Blue Line

“Not you again”: Vexatious and querulous complaints

March 29, 2023  By Matthew H. Logan

Less personal than stalking and criminal harassment, but similar in the degree of preoccupation and attempting to gain power and control, we have the vexatious complainant. A vexatious complaint might be part of a campaign of indirect harassment, in that the complainant seeks to recruit a third party who is in a position of authority to take action on their behalf against the complainants intended target. A vexatious complaint is made maliciously and may involve a repetition of unsubstantiated complaints from the same individual. These complaints typically follow a common theme.

This topic is germane for policing in that it has been estimated that “querulous” complainants comprise one to five per cent of all complainants, but that they consume 15 to 30 per cent of complaints handling resources (Mullen & Lester, 2006). Further, it causes much undue stress in policing when an officer is being investigated for a vexatious complaint by the individual I describe as being querulous. It describes some people who lose perspective and become obsessive, paranoid and habitual complainers. Pathology does not lie exclusively in the subjects’ mental state but in their behaviour and its impact on self and others. They seem to revel in the process of having power over another and the pleasure of feeling they are right.

This often takes the form of a complaint to police or the Civilian Review and Complaints Commission and becomes indirect harassment. This is a form of abuse where the perpetrator knows that this is harassment, and the victim of this indirect harassment has little choice but to cooperate with the authority’s investigation. This goes beyond Sir Robert Peel’s second principle that the ability of the police to perform their duties is dependent upon public approval of police actions. Transparency does not demand an abuse of process. It is not wrong to protect those who protect us from frivolous or vexatious complaints.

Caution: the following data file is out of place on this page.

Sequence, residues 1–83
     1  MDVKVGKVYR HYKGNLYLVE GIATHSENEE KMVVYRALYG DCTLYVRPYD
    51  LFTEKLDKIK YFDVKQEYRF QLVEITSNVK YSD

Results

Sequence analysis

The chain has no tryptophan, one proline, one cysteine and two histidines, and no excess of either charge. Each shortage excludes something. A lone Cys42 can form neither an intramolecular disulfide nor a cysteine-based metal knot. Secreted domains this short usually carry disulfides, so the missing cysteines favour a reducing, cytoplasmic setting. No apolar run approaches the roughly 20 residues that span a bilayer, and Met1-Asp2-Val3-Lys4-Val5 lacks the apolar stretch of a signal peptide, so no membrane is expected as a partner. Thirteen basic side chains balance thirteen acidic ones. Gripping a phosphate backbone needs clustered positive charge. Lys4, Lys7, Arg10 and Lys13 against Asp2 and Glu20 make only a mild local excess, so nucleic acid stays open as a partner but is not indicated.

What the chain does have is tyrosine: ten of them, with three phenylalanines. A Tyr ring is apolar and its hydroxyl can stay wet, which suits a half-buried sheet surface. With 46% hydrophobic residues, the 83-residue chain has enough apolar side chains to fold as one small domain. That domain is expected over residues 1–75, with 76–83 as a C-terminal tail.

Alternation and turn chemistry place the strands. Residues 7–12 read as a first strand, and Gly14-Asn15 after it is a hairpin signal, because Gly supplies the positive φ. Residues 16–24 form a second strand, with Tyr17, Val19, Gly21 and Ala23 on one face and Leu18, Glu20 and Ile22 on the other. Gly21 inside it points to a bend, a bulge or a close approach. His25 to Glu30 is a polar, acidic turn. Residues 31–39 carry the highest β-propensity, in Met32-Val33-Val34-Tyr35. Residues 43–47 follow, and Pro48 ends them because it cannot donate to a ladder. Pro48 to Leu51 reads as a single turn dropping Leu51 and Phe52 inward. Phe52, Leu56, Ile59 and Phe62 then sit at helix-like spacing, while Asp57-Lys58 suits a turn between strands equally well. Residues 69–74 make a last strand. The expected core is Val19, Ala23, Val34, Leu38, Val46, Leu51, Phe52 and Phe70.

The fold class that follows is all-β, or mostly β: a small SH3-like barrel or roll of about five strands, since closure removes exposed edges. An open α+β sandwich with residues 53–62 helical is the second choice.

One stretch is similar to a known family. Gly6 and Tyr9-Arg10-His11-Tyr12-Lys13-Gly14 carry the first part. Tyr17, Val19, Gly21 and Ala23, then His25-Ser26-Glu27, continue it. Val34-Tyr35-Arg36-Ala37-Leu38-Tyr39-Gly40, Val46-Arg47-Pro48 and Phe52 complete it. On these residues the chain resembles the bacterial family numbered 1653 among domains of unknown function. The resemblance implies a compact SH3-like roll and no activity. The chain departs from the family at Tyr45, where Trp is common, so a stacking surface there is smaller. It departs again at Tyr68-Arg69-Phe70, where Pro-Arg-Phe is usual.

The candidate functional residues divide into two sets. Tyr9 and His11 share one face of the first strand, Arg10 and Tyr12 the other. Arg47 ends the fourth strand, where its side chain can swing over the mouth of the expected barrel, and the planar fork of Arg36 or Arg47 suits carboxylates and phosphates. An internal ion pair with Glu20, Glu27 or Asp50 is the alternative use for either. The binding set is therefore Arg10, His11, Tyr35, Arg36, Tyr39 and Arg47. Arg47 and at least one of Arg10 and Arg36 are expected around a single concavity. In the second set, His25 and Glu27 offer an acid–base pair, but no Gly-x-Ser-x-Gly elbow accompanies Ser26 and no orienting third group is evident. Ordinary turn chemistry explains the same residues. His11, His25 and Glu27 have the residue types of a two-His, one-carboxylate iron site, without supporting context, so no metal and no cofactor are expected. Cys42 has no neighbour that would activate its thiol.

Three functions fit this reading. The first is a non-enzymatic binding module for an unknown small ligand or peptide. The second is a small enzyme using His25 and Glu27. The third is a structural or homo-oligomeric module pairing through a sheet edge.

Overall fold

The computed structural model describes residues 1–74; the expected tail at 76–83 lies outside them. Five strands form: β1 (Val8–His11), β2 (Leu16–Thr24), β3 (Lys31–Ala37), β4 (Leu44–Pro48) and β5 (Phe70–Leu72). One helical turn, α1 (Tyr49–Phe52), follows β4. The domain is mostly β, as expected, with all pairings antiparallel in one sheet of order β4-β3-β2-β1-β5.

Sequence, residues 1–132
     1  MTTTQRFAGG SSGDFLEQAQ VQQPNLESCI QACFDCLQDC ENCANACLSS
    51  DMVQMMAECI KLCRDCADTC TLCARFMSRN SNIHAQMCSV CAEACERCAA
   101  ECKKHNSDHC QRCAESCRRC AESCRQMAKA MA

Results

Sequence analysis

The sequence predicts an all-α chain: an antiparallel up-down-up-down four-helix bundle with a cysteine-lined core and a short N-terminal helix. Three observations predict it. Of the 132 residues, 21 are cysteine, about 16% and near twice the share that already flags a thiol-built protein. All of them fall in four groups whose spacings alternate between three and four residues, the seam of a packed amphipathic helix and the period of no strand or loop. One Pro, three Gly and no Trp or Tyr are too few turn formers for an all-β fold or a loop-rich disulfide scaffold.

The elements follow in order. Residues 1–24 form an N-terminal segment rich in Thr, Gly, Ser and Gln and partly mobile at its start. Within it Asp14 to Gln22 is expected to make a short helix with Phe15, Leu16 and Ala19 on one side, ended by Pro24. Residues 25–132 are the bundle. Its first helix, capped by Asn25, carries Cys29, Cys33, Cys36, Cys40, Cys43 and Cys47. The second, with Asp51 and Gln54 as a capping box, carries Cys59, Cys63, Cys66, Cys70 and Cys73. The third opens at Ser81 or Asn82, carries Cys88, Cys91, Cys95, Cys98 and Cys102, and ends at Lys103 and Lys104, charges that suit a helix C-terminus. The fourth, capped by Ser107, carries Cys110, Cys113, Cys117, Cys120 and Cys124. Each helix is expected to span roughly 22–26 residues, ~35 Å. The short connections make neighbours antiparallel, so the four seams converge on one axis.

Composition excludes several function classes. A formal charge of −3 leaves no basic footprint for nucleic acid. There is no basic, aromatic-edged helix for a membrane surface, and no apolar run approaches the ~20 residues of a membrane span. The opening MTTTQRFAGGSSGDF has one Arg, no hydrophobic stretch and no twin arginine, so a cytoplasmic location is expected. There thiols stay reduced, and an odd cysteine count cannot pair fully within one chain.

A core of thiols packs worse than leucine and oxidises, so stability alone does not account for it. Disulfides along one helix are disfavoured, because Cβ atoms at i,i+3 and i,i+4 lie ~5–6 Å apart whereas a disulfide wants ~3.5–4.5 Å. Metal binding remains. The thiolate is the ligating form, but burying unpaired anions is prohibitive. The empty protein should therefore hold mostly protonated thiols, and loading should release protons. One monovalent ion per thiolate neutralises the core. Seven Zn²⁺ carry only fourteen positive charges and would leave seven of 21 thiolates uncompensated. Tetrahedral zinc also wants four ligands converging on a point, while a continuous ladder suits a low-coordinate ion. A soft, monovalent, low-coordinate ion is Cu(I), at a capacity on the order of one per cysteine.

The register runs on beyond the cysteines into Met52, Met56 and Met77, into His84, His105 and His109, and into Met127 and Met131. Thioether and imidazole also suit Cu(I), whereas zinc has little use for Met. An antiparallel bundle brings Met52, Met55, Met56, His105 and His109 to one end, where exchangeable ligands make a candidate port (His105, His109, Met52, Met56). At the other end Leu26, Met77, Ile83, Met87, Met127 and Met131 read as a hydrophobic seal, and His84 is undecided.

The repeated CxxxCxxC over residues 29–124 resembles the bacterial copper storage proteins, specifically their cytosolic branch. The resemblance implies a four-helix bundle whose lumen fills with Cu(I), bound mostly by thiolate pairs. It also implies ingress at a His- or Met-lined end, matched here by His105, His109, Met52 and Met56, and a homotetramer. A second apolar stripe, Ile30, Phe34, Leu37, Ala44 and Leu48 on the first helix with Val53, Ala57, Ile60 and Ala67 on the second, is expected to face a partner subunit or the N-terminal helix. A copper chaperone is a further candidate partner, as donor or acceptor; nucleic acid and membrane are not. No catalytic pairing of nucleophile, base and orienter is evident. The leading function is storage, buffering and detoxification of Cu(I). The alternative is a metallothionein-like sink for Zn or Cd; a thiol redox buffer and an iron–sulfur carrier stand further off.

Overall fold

Querulous behaviour is noted by the World Health Organization’s International Classification of Diseases (ICD 10) and is often associated with paranoia and delusional disorder and is still commonly seen in the Courts and in vexatious and persecutory complaints to government offices and police agencies (WHO, 1992). The querulous complainant is very unlikely to want their complaint resolved. It’s the process that is their purpose in life, the joy of knowing they are right (Skilling et al, 2012).

On January 1, 2021, Bill C-65 came into effect and amended the Canada Labour Code on workplace harassment and violence. The intent of the federal anti-harassment and violence legislation was to help keep Canadian workers in federally regulated workplaces free from action that would cause physical or psychological injury. It’s my opinion that we should work equally as hard to keep our employees free from vexatious complaints and querulous behaviour within and outside of the workplace.

As a psychologist and a former RCMP officer, I have seen many police officers targeted by the type of person I have described. I have seen the injury caused by the stress a public complaint initiates within the body and mind of the officer. Further, I have seen the feelings of abandonment, or perceived abandonment by the policing organization. The most important psychological injury is caused, not by the actions of the complainant, but by the action and inaction of the organization. “Sanctuary Trauma” occurs when a person feels that the very institution for which they served with great pride, effort and personal risk does not come to their rescue when they experience hardship, but instead acts in such a way to make matters worse (Joannou, 2021).

A policing organization doesn’t have control over the way complaints are received, but there must be a degree of internal control in the manner they are handled. Police departments have historically not defended the organization, nor their valued employees when assailed by frivolous complaints and erroneous allegations. We have been silent to our detriment; our people have too often been left out in the breeze, feeling a betrayal and voicing that “nobody has my back”. The organization must have a mechanism for dealing with vexatious complaints and doing so early in the process, so as to deter the querulous complainant from their aberrant pathway.

I have seen the injury caused by the stress a public complaint initiates within the body and mind of the officer.

As Bill C-65 prevents injury from within the organization, a policy or a bill must clearly define the individual who demonstrates querulous and vexatious behaviour and provide support for officers who are innocent victims of this pathology. Allowing and inviting the behaviour is often revealed in the attitude of “investigate it and it will cease” or “it’s legislated and we must follow the guidelines”. Neither response is acceptable. By changing the attitude, we show support for our employees that are being harassed.